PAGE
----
A Reading From The Book Of Concord – Easter 6

Rev. Kurt Hering’s objective is to make a connection between the “Gospel Text For The Day” (usually) and the Book of Concord in order to help pastors make connections for their parishoners that help them understand how the BoC sets forth the faith once delivered to us in Scripture for the life of the Church. The vast majority of Lutherans simply have never had that done for them, largely because a pastor only has so much time for a sermon and getting everything ready for Sunday in addition to his weekly work with Christ’s sheep.
 
(You may download a letter size pdf file Sixth Sunday of Easter (Rogate) Bulletin Insert from this link.)

 

There is no better or more complete prayer for the Christian to pray than the Lord’s Prayer, for by it our Lord Jesus Christ teaches us the “whatever” we are to ask for in His name. [Rev. Kurt Hering]

 

 

A READING FROM THE BOOK OF CONCORD
ROGATE: EASTER 6
GOSPEL LESSON:  John 16:23–30
THE LARGE CATECHISM
PART III: THE LORD’S PRAYER

 

19]  . . . we should be the more urged and incited to pray because God has also added a promise, and declared that it shall surely be done to us as we pray, as He says Ps. 50:15: Call upon Me in the day of trouble: I will deliver thee. And Christ in the Gospel of St. Matthew 7:7: Ask, and it shall be given you. For every one that asketh receiveth. 20] Such promises ought certainly to encourage and kindle our hearts to pray with pleasure and delight, since He testifies with His [own] word that our prayer is heartily pleasing to Him, moreover, that it shall assuredly be heard and granted, in order that we may not despise it or think lightly of it, and pray at a venture.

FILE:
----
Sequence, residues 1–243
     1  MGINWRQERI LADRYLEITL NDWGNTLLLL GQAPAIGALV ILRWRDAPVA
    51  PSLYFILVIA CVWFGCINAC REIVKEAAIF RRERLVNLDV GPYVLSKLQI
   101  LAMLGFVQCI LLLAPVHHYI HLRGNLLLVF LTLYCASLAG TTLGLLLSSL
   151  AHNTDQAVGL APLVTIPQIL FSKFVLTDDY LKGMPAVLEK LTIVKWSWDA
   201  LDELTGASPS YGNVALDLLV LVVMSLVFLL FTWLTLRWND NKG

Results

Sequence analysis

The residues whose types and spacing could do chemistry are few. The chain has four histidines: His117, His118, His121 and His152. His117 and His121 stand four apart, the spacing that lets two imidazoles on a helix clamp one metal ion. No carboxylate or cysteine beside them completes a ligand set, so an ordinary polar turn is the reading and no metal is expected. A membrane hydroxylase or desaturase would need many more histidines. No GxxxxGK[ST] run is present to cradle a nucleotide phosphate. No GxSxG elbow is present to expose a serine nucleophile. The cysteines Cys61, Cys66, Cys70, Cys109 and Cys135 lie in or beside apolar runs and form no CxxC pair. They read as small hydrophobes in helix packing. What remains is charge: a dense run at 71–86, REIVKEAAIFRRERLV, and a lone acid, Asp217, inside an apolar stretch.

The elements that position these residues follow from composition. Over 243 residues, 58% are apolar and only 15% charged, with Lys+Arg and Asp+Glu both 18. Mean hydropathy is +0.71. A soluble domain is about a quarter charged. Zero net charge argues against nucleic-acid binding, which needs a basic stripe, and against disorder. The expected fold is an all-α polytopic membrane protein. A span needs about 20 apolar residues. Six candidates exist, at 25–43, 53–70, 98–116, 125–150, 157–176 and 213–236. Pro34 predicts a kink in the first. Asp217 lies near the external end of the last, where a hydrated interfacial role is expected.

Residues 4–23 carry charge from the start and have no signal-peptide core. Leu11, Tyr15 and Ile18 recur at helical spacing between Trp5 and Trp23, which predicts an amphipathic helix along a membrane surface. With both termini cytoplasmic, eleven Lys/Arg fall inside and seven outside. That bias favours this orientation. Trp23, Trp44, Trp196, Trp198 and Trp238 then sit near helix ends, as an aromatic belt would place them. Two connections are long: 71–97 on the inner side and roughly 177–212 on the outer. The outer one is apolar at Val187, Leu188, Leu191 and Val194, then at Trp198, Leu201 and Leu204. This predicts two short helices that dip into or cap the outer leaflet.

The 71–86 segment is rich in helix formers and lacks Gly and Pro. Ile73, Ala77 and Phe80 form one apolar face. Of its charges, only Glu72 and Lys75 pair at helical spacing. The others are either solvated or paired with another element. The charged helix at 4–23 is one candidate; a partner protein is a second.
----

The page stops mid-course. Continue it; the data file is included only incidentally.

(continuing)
21] This you can hold up to Him and say: Here I come, dear Father, and pray, not of my own purpose nor upon my own worthiness, but at Thy commandment and promise, which cannot fail or deceive me. Whoever, therefore, does not believe this promise must know again that he excites God to anger as a person who most highly dishonors Him and reproaches Him with falsehood.

22] Besides this, we should be incited and drawn to prayer because in addition to this commandment and promise God anticipates us, and Himself arranges the words and form of prayer for us, and places them upon our lips as to how and what we should pray, that we may see how heartily He pities us in our distress, and may never doubt that such prayer is pleasing to Him and shall certainly be answered; which [the Lord’s Prayer] is a great advantage indeed over all other prayers that we might compose ourselves. 23] For in them the conscience would ever be in doubt and say: I have prayed, but who knows how it pleases Him, or whether I have hit upon the right proportions and form? Hence there is no nobler prayer to be found upon earth than the Lord’s Prayer which we daily pray, because it has this excellent testimony, that God loves to hear it, which we ought not to surrender for all the riches of the world.

 

The text used here is from Triglot Concordia: The Symbolical Books of the Evangelical Lutheran Church: German-Latin-English. These texts are in the public domain, can be found online @  http://bookofconcord.org, and may be  freely copied.

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